[-] saving plot to file: export.csv-plot-channel-1.png
----------------------- CHANNEL 1 SWIPE 0 -----------------------
[+] Length (bits) = 266 (%5 = 1, %6 = 2, %7 = 0, % 8= 2)
[+] Data: 10100110001001100010011000100110001001100010011000100110001001100010011000100110001001100101011011100110101001001101100110100110001001100111110110111100111101100010000000100110011001101100001010010101001001001110110100000111001101011101100001100101101000101010011001
[+] Strings:
 [-] 5 bit: 5398621<4398621<43:>62<3539<;><=409<615549=1>6>36=1:6
 [-] length: 53
 [-] hex: 
 35 33 39 38 36 32 31 3c 34 33 39 38 36 32 31 3c 5398621<4398621<
 34 33 3a 3e 36 32 3c 33 35 33 39 3c 3b 3e 3c 3d 43:>62<3539<;><=
 34 30 39 3c 36 31 35 35 34 39 3d 31 3e 36 3e 33 409<615549=1>6>3
 36 3d 31 3a 36 6=1:6
[-] 6 bit: E(1C&,9RD(1CFM92;+1S;G;"D,-**DMPLW8M4,
 [-] length: 38
 [-] hex: 
 45 28 31 43 26 2c 39 52 44 28 31 43 46 4d 39 32 E(1C&,9RD(1CFM92
 3b 2b 31 53 3b 47 3b 22 44 2c 2d 2a 2a 44 4d 50 ;+1S;G;"D,-**DMP
 4c 57 38 4d 34 2c LW8M4,
[-] 7 bit: %..#...2$..#&-.....3.'..$....$-0,7.-.
 [-] length: 37
 [-] hex: 
 25 08 11 23 06 0c 19 32 24 08 11 23 26 2d 19 12 %..#...2$..#&-..
 1b 0b 11 33 1b 27 1b 02 24 0c 0d 0a 0a 24 2d 30 ...3.'..$....$-0
 2c 37 18 2d 14 ,7.-.
[-] 8 bit: .&&&&&&&&&&V....&}.. &f..$..5.e..@
 [-] length: 34
 [-] hex:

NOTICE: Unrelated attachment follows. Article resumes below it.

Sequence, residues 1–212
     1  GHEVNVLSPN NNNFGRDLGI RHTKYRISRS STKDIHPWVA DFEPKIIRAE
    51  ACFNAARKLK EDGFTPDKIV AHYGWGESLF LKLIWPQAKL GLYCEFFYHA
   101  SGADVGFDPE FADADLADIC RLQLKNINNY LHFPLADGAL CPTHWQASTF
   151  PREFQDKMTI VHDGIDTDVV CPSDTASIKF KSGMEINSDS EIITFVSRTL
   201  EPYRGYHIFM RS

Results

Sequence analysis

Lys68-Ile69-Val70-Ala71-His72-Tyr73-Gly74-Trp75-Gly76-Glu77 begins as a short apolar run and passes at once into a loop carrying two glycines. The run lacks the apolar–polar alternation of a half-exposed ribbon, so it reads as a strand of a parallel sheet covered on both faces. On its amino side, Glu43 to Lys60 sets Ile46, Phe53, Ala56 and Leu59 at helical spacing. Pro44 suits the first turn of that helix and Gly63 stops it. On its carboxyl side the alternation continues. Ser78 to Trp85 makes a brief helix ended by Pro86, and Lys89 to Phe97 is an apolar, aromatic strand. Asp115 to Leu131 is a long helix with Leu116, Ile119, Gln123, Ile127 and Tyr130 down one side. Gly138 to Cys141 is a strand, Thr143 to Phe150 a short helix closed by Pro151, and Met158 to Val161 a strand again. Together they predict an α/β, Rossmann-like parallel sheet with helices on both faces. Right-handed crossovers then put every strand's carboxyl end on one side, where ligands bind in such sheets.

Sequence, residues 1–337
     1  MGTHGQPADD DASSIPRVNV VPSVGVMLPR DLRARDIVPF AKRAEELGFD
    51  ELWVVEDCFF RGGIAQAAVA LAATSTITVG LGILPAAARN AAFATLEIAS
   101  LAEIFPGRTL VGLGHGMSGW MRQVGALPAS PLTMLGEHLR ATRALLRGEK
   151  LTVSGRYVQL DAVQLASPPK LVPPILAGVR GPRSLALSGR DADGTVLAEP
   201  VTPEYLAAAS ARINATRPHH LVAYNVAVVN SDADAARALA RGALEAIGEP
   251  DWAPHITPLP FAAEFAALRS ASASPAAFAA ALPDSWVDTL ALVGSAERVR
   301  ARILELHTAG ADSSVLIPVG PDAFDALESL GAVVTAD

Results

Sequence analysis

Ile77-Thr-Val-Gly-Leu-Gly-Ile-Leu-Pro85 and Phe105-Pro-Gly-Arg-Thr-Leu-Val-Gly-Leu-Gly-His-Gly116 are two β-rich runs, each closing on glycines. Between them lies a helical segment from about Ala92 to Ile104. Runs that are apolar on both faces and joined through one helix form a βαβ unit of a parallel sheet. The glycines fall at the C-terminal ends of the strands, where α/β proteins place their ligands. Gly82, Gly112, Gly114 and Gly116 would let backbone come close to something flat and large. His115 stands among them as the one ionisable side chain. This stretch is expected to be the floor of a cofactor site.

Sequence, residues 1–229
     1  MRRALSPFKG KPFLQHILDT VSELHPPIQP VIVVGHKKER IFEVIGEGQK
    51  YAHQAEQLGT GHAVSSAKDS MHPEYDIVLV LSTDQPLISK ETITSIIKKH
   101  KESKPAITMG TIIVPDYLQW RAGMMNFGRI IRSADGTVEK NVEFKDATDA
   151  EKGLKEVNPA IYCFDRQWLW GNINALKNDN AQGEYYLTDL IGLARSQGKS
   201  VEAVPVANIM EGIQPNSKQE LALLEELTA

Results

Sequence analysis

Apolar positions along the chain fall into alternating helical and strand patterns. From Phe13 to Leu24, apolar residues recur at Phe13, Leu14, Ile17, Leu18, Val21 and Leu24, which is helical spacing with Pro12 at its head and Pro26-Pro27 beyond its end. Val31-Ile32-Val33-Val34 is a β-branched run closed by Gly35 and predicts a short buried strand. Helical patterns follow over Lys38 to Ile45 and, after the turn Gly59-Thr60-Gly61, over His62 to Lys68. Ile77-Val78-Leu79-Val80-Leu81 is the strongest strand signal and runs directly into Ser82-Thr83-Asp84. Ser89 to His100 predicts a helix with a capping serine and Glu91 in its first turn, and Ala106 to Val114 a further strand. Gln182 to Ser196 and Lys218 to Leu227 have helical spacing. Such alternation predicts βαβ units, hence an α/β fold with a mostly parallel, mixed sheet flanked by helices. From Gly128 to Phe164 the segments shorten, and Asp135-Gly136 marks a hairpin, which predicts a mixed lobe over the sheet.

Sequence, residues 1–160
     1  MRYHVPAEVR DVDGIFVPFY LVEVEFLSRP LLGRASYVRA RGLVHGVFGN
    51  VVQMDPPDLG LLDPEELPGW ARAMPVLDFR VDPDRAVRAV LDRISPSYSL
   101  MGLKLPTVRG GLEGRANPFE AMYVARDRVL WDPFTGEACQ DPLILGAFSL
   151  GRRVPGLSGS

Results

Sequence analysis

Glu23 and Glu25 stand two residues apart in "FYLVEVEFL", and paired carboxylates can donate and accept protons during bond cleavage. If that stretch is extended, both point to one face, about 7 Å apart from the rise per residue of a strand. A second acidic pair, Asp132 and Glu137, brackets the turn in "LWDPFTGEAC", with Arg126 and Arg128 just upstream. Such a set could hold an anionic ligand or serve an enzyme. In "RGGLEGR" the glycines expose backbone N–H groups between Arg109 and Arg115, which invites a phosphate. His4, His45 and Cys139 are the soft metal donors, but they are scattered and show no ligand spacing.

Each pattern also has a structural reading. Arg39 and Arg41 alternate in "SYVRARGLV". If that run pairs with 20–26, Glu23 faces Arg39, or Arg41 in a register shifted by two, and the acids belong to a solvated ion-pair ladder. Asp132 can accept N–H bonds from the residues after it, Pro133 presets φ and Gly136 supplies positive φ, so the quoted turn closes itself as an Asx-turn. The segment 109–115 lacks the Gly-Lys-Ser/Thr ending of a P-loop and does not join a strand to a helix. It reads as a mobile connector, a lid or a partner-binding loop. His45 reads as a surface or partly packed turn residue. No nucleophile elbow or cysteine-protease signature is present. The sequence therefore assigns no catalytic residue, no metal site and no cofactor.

a6 26 26 26 26 26 26 26 26 26 26 56 e6 a4 d9 a6 .&&&&&&&&&&V....
 26 7d bc f6 20 26 66 c2 95 24 ed 07 35 d8 65 a2 &}.. &f..$..5.e.
 a6 40 .@
[+] Parity for 5 bit chars: odd: False, even: False)
[+] Parity for 6 bit chars: odd: False, even: False)
[+] Parity for 7 bit chars: odd: False, even: False)
[+] Parity for 8 bit chars: odd: False, even: False)
[+] Frequency analysis for potential char lengths:
 [-] 5 bits:
 10011: 5
 11000: 4
 01100: 4
 00110: 4
 00100: 4
 [-] 6 bits:
 100110: 5
 100010: 5
 011000: 5
 011001: 4
 001001: 4
 [-] 7 bits:
 1000100: 3
 0010011: 3
 1101100: 2
 1100010: 2
 1011010: 2
 [-] 8 bits:
 00100110: 12 < common 8-bit patter implies 8-bit chars?
 10100110: 3
...snip...

The above data is from an actual hotel card (though the hotel as since switched to using RFID locks).

I also started to look at XORing, rotating of characters (rot13 style), bit order and offsetting the whole stream of bits (in case I started at the wrong place when chunk the character up). All to no avail as yet.

That’s as far as I got. I’ll be sure to post again if I ever decode any of the data on the card. I was hoping to see my room number and checkout date in cleartext. But equally an opaque encrypted string wouldn’t surprise me either – which could be what I’m seeing on at least some of the cards.

Conclusion

Doing things the cheap and time-consuming way can be fun – and a good opportunity to write code, learn about matplotlib and dust off the logic analyser.

Further reading/viewing

If you want to know more about magstripes (before they become completely obsolete), take a look at:

I was pretty inspired by these projects.